Immigration reform petition filed in Nevada
Associated Press Writer
A conservative assemblyman and long-shot U.S. Senate hopeful filed an initiative petition Friday that would establish in Nevada tough new immigration laws similar to Arizona’s and require photo identification to vote.
Republican Chad Christensen, who has supported restricting services to undocumented immigrants in past legislative sessions, said Nevada is “on the edge.”
He estimated illegal immigrants cost the state more than $700 million a year in education, health care and incarceration expenses.
He’s one of 12 Republicans seeking the U.S. Senate nomination in the June 8 primary.
Petition backers must collect 97,002 valid signatures by Nov. 9 to send the initiative to the 2011 Legislature. If lawmakers reject it or fail to act, it would be put to voters in 2012.
The Arizona law that has spurred protests and boycotts around the nation requires that police conducting traffic stops or questioning people about possible legal violations ask them about their immigration status if there is “reasonable suspicion” that they’re in the country illegally.
Christensen said his initiative is not about race or politics. “This is an issue between Americans and non-Americans,” he said.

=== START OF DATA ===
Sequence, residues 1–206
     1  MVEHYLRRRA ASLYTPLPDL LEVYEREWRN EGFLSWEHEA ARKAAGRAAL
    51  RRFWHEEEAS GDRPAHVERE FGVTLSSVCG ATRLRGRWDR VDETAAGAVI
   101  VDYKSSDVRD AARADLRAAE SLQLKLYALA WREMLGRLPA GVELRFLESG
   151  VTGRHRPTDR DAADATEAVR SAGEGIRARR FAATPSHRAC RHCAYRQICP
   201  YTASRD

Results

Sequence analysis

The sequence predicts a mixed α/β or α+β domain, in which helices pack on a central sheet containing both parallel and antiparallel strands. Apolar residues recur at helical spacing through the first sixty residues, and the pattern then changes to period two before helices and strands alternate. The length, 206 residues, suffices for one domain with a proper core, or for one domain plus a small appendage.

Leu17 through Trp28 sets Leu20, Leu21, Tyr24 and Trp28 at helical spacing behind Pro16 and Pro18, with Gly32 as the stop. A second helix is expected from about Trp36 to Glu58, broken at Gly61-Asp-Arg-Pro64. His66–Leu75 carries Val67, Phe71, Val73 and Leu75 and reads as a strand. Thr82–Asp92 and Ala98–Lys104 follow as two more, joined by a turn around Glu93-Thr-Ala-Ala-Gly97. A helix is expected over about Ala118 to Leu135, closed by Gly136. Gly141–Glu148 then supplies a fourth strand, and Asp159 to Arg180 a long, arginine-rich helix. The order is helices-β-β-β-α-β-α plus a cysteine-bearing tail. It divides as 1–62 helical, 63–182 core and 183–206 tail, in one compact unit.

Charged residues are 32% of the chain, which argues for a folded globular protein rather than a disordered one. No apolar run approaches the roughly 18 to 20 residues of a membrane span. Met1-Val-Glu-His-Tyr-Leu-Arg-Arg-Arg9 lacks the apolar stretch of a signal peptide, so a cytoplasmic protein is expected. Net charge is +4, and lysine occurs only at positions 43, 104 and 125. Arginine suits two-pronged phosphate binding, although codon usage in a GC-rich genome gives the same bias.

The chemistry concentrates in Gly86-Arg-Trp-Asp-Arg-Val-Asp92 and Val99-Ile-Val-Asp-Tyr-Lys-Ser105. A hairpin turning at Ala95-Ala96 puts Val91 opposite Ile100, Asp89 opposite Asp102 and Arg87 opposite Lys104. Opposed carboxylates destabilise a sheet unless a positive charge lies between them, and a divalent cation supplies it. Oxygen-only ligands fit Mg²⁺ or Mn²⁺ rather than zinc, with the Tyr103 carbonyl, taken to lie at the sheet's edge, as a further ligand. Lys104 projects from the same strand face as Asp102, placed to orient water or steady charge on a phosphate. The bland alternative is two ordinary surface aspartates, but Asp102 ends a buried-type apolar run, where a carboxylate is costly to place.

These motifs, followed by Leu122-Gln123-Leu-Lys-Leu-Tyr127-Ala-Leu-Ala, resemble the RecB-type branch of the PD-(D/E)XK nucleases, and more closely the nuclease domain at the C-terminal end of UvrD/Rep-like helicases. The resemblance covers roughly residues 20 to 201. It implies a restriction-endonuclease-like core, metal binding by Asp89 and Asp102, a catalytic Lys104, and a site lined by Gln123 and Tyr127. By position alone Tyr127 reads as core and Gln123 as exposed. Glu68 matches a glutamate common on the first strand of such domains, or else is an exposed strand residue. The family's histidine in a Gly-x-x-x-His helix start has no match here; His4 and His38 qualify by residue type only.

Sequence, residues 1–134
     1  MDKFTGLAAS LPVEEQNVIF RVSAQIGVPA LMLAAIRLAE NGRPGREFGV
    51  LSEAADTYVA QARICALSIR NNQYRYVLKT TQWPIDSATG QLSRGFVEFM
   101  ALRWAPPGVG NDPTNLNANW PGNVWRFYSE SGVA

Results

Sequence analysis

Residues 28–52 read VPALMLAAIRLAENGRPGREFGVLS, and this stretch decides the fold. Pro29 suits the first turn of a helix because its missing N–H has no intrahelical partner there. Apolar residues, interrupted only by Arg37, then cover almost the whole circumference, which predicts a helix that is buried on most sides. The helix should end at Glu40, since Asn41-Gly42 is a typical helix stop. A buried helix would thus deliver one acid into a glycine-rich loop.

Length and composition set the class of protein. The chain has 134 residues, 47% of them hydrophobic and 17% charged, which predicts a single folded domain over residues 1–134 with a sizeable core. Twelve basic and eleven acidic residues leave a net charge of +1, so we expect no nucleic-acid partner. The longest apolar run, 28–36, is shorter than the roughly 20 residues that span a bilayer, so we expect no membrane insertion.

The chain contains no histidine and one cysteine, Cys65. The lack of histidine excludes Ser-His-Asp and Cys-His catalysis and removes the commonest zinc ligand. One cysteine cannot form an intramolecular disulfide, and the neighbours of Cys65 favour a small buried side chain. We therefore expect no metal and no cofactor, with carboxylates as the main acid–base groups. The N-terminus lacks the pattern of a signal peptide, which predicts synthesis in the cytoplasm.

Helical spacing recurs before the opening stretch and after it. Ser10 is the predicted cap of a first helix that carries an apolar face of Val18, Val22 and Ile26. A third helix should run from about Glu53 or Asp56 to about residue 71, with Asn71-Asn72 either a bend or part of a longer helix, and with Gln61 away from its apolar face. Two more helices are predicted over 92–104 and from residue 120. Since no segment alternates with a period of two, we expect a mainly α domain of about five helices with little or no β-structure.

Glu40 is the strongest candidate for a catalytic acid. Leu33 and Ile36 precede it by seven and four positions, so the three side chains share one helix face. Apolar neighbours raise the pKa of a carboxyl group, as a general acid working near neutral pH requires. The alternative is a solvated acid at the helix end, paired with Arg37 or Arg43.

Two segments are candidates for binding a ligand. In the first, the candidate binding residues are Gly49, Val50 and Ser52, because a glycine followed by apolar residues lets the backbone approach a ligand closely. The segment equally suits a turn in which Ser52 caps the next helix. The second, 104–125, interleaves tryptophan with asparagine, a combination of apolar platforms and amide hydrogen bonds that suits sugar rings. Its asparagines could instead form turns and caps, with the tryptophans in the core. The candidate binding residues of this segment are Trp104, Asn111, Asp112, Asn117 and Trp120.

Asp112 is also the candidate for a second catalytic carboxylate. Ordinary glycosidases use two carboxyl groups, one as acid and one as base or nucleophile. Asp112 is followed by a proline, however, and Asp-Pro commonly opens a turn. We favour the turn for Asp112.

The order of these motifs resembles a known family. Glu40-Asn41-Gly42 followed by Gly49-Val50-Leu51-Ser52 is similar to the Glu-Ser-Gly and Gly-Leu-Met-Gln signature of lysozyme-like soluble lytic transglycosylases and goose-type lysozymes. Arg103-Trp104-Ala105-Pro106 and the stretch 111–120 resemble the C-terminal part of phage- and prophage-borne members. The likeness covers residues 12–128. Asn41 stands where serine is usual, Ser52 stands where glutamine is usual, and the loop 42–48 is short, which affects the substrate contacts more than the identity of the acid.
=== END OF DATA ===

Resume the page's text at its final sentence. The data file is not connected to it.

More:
Fernando Romero, president of Hispanics in Politics, said Christensen’s petition was an attempt to bring attention to his flailing U.S. Senate race.
“Chad Christensen is gasping for air, as far as his candidacy, and that’s the only thing he can come up with,” Romero said.
Romero said his group and others will work to defeat the proposal.
Support for the Arizona law by Nevada Republican gubernatorial candidate Brian Sandoval, the first Hispanic to win statewide election in Nevada as attorney general in 2002, cost him an endorsement from Hispanics in Politics.
Besides toughening immigration enforcement, the Nevada initiative would also require photo identification to vote, something that has been rejected by state lawmakers in the past.
Ron Futrell, Christensen’s campaign communication director, said the Nevada proposal mirrors Indiana’s voter ID law that was upheld by the U.S. Supreme Court in 2008.
“If there’s no identification check along the way, you don’t know if there’s a problem or not” with voter fraud, Futrell said.
He called the proposal a “pre-emptive” move “to make sure people are here legally and have authorized ID in order to vote.”